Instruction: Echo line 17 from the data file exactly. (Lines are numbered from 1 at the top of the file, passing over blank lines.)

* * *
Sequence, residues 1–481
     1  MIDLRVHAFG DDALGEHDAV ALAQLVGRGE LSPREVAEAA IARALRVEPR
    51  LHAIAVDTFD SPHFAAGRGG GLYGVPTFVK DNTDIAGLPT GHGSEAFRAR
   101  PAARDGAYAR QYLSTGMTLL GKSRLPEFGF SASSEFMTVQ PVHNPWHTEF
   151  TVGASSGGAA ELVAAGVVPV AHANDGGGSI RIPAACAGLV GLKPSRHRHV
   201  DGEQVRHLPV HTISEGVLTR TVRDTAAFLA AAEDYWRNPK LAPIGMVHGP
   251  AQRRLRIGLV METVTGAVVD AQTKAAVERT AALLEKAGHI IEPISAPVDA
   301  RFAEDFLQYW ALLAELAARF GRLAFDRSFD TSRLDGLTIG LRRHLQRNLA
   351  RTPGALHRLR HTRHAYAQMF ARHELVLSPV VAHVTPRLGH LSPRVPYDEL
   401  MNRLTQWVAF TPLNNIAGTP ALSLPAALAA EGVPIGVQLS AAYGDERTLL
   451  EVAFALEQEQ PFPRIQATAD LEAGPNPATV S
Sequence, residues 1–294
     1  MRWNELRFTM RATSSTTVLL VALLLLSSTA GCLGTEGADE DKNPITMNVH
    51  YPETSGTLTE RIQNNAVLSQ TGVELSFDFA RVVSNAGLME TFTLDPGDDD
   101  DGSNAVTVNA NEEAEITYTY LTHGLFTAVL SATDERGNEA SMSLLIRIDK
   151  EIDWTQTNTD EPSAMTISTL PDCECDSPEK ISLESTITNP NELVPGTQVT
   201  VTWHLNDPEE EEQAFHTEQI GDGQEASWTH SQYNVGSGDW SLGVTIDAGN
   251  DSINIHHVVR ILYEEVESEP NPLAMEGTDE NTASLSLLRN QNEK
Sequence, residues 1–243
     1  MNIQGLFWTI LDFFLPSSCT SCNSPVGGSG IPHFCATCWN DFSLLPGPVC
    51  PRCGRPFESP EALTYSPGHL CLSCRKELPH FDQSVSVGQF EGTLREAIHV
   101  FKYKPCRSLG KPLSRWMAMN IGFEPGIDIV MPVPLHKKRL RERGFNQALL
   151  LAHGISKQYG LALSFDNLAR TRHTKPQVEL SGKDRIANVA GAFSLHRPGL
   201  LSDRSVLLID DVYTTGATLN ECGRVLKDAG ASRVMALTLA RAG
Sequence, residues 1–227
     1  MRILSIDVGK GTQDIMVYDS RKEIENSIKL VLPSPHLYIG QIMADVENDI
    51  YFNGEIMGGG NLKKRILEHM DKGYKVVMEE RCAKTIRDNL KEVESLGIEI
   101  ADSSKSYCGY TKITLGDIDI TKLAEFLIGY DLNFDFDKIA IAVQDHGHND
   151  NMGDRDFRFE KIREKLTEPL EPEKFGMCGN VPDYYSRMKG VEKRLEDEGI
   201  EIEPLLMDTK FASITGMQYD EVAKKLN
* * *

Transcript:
   201  VTWHLNDPEE EEQAFHTEQI GDGQEASWTH SQYNVGSGDW SLGVTIDAGN